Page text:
Liao grew up fishing with his family, and he learned early on how to clean fish. He originally opened The Joint as a combination of his two passions: seafood and coffee. On the righthand side is the fish market counter and on the left side of the building, Liao installed a café with coffee from local roasters. In the first couple of years, the cafe also sold fish plates sourced from his fish market, but after the pandemic they’re only doing coffee, pastries and simple sandwiches. For now, the main focus has been shifted to wholesale distribution. Distributing his dry-aged fish to restaurants had always been part of Liao’s vision, but it initially took a backseat – until the pandemic hit, fast-tracking Liao’s 5-year wholesale plan. “When the pandemic hit, all the restaurants shut down, including mine,” he recalled. “Everyone in L.A. stopped buying from their existing seafood vendors, meaning coming out of the pandemic, it’s a level playing field. The whole market was disrupted.”

Chefs are certainly taking note of how good Liao’s dry-aged fish is, and these days, dry-aged fish is the latest trend at L.A. restaurants. From high-end Italian restaurants to taco joints, a variety of restaurants are now using dry-aged fish on their menu. Liao is also shipping dry-aged fish to other restaurants around the country, even as far as Tennessee. It’s not just chefs and restaurants, either; many individual customers come into The Joint looking specifically for dry-aged fish, and some already know how many days they prefer their fish dry-aged for. The question at this particular seafood market these days isn’t just what fish just came in fresh today, but the length of time for which it’s been aged.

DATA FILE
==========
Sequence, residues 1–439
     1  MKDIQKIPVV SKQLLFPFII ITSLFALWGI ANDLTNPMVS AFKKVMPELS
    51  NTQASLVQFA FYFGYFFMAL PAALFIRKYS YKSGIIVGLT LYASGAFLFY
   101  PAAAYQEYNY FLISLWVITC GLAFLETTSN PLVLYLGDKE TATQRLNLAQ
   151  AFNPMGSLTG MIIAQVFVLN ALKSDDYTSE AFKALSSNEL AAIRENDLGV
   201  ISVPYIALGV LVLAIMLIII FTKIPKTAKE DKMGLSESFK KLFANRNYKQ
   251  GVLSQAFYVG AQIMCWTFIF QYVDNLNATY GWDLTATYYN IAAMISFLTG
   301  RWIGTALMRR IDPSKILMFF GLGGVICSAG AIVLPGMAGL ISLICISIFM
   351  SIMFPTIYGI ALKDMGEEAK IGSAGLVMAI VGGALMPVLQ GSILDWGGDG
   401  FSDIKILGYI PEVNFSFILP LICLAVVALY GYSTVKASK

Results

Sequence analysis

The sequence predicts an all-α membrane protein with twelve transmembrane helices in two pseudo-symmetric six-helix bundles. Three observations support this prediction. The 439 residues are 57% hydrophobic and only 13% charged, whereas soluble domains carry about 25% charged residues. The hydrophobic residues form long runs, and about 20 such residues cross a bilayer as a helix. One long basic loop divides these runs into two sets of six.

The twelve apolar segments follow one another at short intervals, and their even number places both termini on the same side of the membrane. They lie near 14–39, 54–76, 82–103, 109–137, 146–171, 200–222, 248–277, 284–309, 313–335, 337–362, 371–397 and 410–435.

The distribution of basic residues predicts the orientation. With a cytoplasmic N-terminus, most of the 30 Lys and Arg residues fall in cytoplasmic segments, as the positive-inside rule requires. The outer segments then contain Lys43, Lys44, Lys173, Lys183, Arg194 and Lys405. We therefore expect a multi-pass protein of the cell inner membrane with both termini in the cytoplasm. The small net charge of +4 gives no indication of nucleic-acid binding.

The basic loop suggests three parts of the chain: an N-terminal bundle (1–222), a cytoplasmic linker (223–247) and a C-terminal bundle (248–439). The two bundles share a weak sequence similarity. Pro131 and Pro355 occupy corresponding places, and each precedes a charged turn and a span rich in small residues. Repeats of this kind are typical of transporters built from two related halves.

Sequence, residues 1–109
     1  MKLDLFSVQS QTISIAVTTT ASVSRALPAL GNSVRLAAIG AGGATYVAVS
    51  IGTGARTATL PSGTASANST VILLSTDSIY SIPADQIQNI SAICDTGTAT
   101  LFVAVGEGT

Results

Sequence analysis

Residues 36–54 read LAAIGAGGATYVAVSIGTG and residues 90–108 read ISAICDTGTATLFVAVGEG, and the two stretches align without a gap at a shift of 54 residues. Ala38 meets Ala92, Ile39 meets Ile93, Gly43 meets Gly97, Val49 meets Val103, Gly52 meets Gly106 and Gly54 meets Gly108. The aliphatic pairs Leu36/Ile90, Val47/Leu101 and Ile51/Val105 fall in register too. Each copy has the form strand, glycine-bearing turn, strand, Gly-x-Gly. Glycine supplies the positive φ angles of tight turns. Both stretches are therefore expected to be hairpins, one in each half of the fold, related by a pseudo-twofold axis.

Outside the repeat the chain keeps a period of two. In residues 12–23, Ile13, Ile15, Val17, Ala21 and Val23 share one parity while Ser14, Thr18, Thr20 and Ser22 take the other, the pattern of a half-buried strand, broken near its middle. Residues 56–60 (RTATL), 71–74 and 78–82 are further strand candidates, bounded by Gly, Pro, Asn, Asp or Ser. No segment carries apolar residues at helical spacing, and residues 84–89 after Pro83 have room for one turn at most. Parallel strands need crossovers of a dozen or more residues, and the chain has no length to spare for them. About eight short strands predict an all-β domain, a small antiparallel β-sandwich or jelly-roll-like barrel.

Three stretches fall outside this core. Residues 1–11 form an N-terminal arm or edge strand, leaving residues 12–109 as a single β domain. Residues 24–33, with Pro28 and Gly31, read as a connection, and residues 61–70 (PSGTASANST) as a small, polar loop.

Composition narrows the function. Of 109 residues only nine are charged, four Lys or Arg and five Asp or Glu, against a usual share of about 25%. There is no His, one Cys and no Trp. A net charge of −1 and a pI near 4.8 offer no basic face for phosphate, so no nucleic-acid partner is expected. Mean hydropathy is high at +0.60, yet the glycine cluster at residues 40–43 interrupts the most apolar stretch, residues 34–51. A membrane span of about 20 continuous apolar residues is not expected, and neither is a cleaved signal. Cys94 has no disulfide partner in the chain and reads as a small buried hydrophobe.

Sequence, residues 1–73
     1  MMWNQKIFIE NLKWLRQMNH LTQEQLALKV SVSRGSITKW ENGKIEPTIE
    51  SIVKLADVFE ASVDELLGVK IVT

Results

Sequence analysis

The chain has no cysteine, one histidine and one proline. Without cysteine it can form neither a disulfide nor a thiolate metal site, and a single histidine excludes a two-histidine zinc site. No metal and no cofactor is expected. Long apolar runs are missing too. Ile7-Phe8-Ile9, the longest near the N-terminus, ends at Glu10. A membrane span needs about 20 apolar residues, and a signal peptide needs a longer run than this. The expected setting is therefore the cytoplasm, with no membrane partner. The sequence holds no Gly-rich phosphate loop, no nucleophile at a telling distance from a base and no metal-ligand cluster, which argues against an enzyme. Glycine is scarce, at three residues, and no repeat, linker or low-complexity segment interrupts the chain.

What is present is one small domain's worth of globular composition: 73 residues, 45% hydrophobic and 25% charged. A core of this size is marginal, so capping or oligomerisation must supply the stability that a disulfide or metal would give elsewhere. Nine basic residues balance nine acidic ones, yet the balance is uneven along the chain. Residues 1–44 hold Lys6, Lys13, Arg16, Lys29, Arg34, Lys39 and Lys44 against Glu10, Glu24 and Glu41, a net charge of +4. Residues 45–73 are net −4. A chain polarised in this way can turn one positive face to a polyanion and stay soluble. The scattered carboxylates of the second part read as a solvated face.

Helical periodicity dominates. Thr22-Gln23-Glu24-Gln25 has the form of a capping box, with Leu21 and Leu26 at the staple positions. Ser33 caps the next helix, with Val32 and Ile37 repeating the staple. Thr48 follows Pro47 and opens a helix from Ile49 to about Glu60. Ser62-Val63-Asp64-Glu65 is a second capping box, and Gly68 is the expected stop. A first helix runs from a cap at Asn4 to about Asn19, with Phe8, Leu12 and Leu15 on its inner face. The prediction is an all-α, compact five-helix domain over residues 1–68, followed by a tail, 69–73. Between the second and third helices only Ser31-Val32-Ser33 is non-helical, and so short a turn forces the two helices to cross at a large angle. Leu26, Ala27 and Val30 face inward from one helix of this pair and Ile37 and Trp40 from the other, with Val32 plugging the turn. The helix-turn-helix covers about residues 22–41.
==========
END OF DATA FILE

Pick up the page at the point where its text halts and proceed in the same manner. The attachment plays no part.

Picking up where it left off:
For Liao, dry-aging fish isn’t just about improving the flavor or texture – although he fully believes it does. Dry-aging fish allows him to run a more sustainable fish market since his fish last much longer than fresh fish. In fact, The Joint is almost a zero-waste fish market, and he wants others to follow suit. Just buying sustainably sourced fish is not enough to address all the issues, according to Liao. “Nowadays, there’s so much waste at the final food preparation level,” he explained. “To be truly sustainable, you have to care about that point, too. No fish will ever go to waste here.”